Man's body located 19 years after slaying

Text: By ELIZABETH MELVILLE

 

 
Human remains believed to be those of Charles W. Eagle were excavated Tuesday from the spot where they were buried 19 years ago.
 
 
The remains located Tuesday morning were exhumed from the woods off Charlie B. Johnson Road, near the Powers' Crossroads festival grounds on Highway 34 West.
 
 
Investigators with the Coweta County Sheriff's Office, Georgia Bureau of Investigation Crime Scene Specialist Lanny Cox, and two authorities from Connecticut arrived on the scene at approximately 9 a.m. to begin digging in the area where Jerry Weyman Still, 62, had indicated on Monday that Eagle's remains would be found.
 
 
Still pleaded guilty to manslaughter on Sept. 28 in New London Superior Court for his role in Eagle's death. Still admitted to shooting Eagle to death while in Connecticut in 1988. The two had traveled there to find work as boilermakers and were rooming together at the Starlight Motor Inn. On Nov. 18, 1988, in a crime Connecticut authorities call the "mattress murder," police discovered blood-stained walls, a blood-soaked mattress and spent shell casings. Until Tuesday, Eagle's body had never been recovered.
 
 
Still told authorities in Connecticut that after killing Eagle, then 47, he drove the body to Georgia, which is where Still's aunt lived.
 
 
On Monday, Still led local law enforcement nearly straight to the location where he was "pretty confident" Eagle's remains could be found.
 
 
Tuesday morning, members of the sheriff's office began digging in the spot Still had indicated. When they reached the depth of 3 feet and did not discover anything, they decided to dig elsewhere.
 
 
Lt. John Lewis of the sheriff's office used a metal probe to test the earth in search of an area of softer soil that might indicate a shallow grave. He was able to find a likely area that was approximately 10 feet from the area Still pointed out. Investigators dug to a depth just shy of 20 inches when they found a layer of strategically placed rocks. Still had told police he'd placed a layer of rocks over Eagle's body so that wild animals couldn't disturb the shallow grave.
 
 
Underneath the rocks, investigators discovered a small piece of red fabric that appeared to be some type of shorts or undergarments. Inside the article of clothing, investigators discovered a long bone believed to be part of Eagle's skeletal remains. Cox positively identified the remains as human at approximately 11:30 a.m.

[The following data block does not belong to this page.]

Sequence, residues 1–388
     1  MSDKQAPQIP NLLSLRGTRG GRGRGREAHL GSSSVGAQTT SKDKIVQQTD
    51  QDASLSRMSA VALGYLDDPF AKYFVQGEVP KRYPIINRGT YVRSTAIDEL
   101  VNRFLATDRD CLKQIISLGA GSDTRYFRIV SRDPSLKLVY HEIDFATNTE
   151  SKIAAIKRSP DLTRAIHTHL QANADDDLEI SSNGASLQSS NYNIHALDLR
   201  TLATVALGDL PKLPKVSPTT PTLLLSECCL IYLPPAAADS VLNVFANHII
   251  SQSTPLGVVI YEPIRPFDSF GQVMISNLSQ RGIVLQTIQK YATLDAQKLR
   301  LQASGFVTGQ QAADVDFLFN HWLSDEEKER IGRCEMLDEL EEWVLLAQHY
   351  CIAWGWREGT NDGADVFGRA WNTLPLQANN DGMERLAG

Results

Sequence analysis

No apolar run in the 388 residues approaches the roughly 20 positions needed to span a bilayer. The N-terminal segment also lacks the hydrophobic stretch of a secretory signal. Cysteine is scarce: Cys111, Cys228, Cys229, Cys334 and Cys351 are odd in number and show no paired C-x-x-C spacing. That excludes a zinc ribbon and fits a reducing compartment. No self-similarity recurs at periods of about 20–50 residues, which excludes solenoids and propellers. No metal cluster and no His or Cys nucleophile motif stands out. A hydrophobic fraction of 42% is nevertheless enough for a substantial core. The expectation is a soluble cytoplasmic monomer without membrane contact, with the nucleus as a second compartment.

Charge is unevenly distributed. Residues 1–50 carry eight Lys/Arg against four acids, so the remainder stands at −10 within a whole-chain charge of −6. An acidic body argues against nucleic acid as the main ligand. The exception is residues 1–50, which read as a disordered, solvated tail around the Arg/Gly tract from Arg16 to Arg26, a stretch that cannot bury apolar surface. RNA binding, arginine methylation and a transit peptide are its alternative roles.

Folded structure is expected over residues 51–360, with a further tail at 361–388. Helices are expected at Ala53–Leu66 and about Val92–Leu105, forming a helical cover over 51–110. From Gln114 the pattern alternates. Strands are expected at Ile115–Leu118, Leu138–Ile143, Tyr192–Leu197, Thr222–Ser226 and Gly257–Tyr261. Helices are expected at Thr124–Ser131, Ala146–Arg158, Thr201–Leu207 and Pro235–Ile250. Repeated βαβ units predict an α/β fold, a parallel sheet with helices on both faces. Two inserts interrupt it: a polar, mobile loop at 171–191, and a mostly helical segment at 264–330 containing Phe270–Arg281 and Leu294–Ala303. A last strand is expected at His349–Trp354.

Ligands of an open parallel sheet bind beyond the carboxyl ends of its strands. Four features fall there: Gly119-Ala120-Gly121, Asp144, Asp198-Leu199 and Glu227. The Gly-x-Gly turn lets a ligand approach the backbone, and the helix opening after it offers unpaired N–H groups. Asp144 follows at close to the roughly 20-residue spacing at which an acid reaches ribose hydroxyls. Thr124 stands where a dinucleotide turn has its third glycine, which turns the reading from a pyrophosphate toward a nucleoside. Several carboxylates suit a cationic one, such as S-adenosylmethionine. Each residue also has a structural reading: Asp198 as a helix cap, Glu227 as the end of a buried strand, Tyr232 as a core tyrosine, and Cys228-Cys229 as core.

Law enforcement worked until late in the afternoon Tuesday, carefully removing and sifting dirt from around the skeletal remains, which were discovered face down.
 
 
They discovered two bullets and a piece of fabric tied around the victim's ankles. The investigators believe Still may have used the fabric to drag the body into the woods.
 
 
"We are surprised that we were able to locate the body after 19 years, and that we were able to find two bullets from that crime at this burial site," said Major James Yarbrough of the Coweta Sheriff's Office.
 
 
The body will be transported to the GBI crime lab. Scientists will use forensic testing in order to positively identify the remains and to determine the exact cause of death — including the total number of gunshots the victim suffered.
 
 
The victim was discovered with an upper plate of false teeth. Yarbrough is encouraged that the distinguishing characteristic will help the GBI make a positive identification.
 
 
Eagle's wife still resides in Georgia. Connecticut authorities said Tuesday they would notify her of the discovery.
 
 
Local law enforcement picked up Still and the two Connecticut authorities from Hartsfield-Jackson International Airport early Monday morning. Still was transported to the Coweta County Jail. Now that the remains have been located, Still will be returned to the Bostick State Prison in Georgia where he was already serving a life sentence for a separate murder that occurred in Clayton County in 1988.
 
 
Since Still cooperated with law enforcement to find Eagle's body, his plea negotiation indicates his sentence will be reduced from 20 years to 15.
 
 
Connecticut authorities remain unsure as to why, after 19 years, Still finally felt compelled to reveal the location of Eagle's body. They also refused to speculate about what led to the fatal confrontation between the two men. They do believe, however, that Still and Eagle may have traveled to Connecticut to deal in drugs.
 
 
According to Yarbrough, the evidence obtained during this investigation will be compared with the evidence gathered during the Connecticut investigation in 1988, and to the Clayton County shooting death that Still committed that same year.
 
 
"We hope to get closure all the way around," said Yarbrough.


Created: 19/08/2011
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